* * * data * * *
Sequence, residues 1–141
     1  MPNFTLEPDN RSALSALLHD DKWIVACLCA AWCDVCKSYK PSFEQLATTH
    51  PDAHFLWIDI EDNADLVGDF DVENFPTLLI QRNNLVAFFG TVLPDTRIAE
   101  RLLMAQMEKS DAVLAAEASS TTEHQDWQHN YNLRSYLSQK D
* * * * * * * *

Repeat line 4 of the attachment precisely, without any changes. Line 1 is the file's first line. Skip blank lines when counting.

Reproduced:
   101  RLLMAQMEKS DAVLAAEASS TTEHQDWQHN YNLRSYLSQK D